BenQ W1080ST Home Theater Projector Review
ESPN 3D is toast!
Recently announced, ESPN is dropping most if not all 3D programming. Maybe they would have had success if they would have given us some “big time content”, rather than a few boxing matches, and a few NCAA football games from a second tier conference… Tsk!
We showed these images from a little league championship on ESPN 3D, when we reviewed the W1070. For those not paying attention, however, in June 2013, ESPN announced they were getting out of the 3D biz – at least for now. With that in mind it didn’t seem to make sense to shoot another pair of images with the W1080ST projector.
Color I found to be reasonably good in 3D. 3D could be calibrated for improved color but we just don’t do that. Also the world seems to be waiting on a good calibration disc that supports 3D calibration. I’ve watched plenty of 3D movies off of Blu-ray with the BenQ W1080ST, and found, overall, that color is definitely acceptable.
Overall, very good 3D, lots of brightness, and an almost total lack of rainbow effect (for me) make these two BenQ projectors the W1080ST (and the W1070) about as good as lower cost DLP projectors get with 3D in terms of overall experience.
In other words: A good choice for 3D on a budget.
BenQ 3D Glasses
BenQ’s 3D glasses for the W1080ST projector are the same as for the W1070. They are a lot lighter and less bulky that past generations (a really good thing). They are still heavier than many weighing in at 46.4 grams about an ounce and two-thirds. By comparison, many glasses today are now in the mid to low 30 gram range, and one pair we measured was actually under an ounce, at about 26 grams. Comfort is respectable (as good as the 3D glasses that come with the $4K, $6K and $25K Sony projectors). The glasses run on batteries. They are still IR, not RF. Most companies are switching to RF these days, however DLP-Link used by many DLP projectors is IR. The big difference? With RF, if you look away from the screen, you don’t lose the 3D sync like you do with IR, and generally you get better range as well.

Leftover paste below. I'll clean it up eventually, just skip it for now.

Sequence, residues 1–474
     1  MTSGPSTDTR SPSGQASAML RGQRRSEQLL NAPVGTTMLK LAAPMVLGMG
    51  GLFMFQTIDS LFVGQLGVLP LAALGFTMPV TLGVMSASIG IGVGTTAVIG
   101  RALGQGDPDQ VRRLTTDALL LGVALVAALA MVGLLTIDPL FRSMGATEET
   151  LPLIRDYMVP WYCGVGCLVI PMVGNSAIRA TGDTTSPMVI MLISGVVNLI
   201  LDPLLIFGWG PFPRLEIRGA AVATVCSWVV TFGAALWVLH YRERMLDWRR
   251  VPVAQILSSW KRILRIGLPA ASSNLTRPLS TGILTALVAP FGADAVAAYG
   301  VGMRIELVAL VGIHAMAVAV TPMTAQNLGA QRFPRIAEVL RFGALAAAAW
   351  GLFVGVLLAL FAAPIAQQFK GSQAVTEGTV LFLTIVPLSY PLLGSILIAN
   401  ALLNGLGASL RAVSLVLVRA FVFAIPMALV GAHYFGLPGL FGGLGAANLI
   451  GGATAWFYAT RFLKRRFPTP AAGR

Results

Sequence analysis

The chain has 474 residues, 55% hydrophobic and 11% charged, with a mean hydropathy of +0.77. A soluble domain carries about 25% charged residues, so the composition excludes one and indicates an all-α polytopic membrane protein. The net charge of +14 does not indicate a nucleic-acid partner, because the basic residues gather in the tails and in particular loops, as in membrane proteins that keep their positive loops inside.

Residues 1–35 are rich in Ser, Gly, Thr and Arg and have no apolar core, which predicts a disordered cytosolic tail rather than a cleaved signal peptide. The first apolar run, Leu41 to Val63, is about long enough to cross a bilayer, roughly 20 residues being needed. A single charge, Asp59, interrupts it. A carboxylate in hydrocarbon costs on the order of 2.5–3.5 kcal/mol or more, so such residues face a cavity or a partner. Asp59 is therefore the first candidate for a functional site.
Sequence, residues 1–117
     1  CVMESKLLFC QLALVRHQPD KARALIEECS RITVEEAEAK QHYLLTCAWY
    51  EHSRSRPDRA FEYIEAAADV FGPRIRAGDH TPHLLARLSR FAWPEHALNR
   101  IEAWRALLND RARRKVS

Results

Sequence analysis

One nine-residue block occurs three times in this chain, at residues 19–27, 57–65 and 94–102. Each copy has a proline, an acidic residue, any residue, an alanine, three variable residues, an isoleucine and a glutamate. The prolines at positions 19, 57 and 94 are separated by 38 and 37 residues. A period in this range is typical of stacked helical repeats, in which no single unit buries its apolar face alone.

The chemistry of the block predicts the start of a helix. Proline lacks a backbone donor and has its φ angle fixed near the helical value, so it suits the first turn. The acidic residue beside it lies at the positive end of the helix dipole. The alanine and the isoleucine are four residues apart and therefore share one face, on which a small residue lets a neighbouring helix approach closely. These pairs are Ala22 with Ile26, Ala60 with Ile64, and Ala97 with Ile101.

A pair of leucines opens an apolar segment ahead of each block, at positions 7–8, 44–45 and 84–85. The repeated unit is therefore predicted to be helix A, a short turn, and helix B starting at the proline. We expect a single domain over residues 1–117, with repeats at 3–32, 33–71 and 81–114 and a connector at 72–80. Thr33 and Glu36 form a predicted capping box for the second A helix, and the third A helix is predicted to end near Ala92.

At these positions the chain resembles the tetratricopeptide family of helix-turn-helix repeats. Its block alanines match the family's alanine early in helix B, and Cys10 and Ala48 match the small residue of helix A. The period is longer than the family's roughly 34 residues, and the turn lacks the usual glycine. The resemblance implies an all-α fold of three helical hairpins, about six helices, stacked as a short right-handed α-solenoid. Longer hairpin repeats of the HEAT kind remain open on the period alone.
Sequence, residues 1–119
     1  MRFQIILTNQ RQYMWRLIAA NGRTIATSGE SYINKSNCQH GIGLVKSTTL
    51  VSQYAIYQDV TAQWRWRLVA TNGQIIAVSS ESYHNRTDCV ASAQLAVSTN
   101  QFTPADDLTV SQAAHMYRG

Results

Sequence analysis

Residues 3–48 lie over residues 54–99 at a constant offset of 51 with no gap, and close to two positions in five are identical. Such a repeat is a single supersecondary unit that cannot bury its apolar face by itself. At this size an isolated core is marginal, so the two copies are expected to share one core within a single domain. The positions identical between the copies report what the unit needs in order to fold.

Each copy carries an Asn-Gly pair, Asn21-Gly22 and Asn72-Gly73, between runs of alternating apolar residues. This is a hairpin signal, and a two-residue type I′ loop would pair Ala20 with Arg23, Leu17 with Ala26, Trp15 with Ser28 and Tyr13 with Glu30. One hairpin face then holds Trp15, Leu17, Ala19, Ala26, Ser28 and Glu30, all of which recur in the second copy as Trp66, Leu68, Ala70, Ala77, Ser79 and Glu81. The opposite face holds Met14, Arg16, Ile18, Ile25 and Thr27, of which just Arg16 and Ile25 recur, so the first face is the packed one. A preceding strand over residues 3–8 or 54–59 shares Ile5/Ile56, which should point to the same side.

The power switch for the glasses is on the bottom of the left arm, near the front.
Overall, consider the glasses themselves to be fine.
Also going against the trend, these BenQ glasses are not rechargeable. It runs on the usual small lithium type batteries, which will likely last around 100 hours between changing. (That’s my guess.) That’s a lot of movies in 3D. Enough for me to watch just about everyone I own, without needing to change a battery. By comparison, rechargeable glasses seem to be rated 40 to 50 hours of viewing between charges. That could be a nuisance, except that almost all the rechargeable glasses we’ve seen can charge up enough for a full length movie in 2-4 minutes, not enough time to even make popcorn.
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